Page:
Here are the facts: In 1980 there were half a million people in
prisons and jails in the United States. In the years since, violent
crime has decreased, but incarceration has boomed; today over one
million people (two-thirds of whom are black or Hispanic) are doing
time. Given these figures, it's no stretch to say that prison
building is America's hottest growth industry. And when you look at
the draconian measures many inmates are now forced to endure as
part of their 'rehabilitation,' the question we should be asking
isn't how we can make our streets safer, but what collective demons
are we trying to lock away and bludgeon into submission?
Take the management control units (also called 'supermax'
prisons) that are fast becoming the new model for incarceration.
According to the American Friends Service Committee-sponsored
Campaign to Abolish Control Unit Prisons while the conditions of
these units varies from prison to prison, the goal of these units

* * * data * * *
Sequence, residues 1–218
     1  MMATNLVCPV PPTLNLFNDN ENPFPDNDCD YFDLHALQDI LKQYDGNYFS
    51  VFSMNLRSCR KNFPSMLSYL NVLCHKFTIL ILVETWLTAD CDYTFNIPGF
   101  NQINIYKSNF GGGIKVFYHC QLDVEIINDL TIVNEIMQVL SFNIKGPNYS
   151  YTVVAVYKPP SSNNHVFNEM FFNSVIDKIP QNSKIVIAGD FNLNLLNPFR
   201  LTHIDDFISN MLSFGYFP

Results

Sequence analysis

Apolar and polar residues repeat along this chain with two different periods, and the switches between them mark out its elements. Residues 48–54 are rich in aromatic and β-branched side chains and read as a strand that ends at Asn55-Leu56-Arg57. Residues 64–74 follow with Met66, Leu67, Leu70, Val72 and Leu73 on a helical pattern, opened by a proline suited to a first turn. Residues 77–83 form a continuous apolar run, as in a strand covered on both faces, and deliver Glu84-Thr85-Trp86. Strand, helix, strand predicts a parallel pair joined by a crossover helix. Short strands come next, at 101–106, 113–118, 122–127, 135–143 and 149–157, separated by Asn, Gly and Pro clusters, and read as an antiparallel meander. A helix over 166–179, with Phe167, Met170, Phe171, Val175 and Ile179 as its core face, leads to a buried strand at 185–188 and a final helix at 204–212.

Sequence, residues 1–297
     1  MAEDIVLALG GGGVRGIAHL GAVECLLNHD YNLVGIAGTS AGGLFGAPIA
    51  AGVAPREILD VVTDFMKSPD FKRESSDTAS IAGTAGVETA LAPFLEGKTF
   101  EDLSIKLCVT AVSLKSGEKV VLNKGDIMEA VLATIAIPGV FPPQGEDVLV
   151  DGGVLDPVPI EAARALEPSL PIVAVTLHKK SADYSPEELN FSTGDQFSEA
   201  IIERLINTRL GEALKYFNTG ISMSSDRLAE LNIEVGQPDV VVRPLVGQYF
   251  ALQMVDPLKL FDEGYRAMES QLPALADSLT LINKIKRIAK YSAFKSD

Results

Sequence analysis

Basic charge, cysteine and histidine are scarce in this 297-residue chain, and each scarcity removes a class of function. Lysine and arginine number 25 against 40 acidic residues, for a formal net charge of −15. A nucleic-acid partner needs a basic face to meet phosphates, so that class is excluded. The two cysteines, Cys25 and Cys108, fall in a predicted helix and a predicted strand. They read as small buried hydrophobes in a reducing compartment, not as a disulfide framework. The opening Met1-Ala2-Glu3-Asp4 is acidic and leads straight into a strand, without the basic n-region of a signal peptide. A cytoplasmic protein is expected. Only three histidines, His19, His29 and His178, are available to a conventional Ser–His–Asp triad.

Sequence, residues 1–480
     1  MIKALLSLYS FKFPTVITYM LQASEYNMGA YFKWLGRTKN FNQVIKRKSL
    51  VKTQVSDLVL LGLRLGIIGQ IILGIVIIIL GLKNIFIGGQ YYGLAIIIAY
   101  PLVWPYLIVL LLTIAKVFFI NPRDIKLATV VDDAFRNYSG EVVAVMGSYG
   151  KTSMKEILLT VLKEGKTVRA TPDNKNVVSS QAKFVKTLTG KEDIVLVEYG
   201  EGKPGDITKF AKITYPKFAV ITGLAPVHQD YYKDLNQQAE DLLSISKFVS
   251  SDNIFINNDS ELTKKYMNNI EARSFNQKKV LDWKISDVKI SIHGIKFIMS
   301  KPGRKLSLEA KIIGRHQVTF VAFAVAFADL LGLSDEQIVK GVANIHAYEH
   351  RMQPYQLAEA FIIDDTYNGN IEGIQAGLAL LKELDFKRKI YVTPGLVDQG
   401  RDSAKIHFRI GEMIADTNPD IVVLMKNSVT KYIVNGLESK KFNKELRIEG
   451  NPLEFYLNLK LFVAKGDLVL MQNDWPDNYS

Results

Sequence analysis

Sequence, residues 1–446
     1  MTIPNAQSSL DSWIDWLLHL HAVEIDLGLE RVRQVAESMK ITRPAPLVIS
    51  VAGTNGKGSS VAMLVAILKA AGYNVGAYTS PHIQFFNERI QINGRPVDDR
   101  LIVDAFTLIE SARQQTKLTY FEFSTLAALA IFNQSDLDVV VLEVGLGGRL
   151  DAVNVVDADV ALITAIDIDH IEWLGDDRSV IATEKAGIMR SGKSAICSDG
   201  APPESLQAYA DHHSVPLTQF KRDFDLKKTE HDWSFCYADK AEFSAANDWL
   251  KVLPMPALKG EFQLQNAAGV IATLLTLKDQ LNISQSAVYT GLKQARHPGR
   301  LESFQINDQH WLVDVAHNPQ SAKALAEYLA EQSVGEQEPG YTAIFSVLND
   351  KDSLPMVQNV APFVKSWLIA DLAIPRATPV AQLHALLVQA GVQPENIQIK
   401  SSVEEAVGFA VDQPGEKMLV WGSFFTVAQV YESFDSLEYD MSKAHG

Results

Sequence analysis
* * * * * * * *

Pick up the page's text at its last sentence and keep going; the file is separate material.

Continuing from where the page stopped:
is to cause the spiritual, psychological, and physical breakdown of
prisoners. Oppressive conditions include:
- Years of isolation from both prison and outside communities
while being housed in solitary or small group isolation (celled
22.5 hours a day).
- Denial of access to educational, religious, or work
- Physical torture such as forced cell extractions, four-point
restraint and hog-tying, caging, beating after restraint, back room
beatings, and set-up fights.
- Mental torture such as sensory deprivation, forced idleness,
verbal harassment, mail tampering, disclosing confidential
information, confessions forced under torture, and threats against
family and visitors.
- Denial of access to medical and psychiatric care.
The ramifications of this new kind of prison culture will be
profound. As Jerome Miller, former commissioner of the
Massachusetts Department of Youth Services and the only American
public official of this century to close down the reform schools of
an entire state and disperse their residents to community programs,
told The Humanist (Jan./Feb. 1994, updated and reprinted in
the Sept./Oct. 1995 Utne Reader) 'it will go on until it
changes the very nature of our society. And when we reach a point
where we have 5 million to 7 million people in our prisons and
jails, we will be a very different society. As the eminent
criminologist Nils Christie comments, the United States will have
become a 'gulag society.' '
Original to Utne Reader Online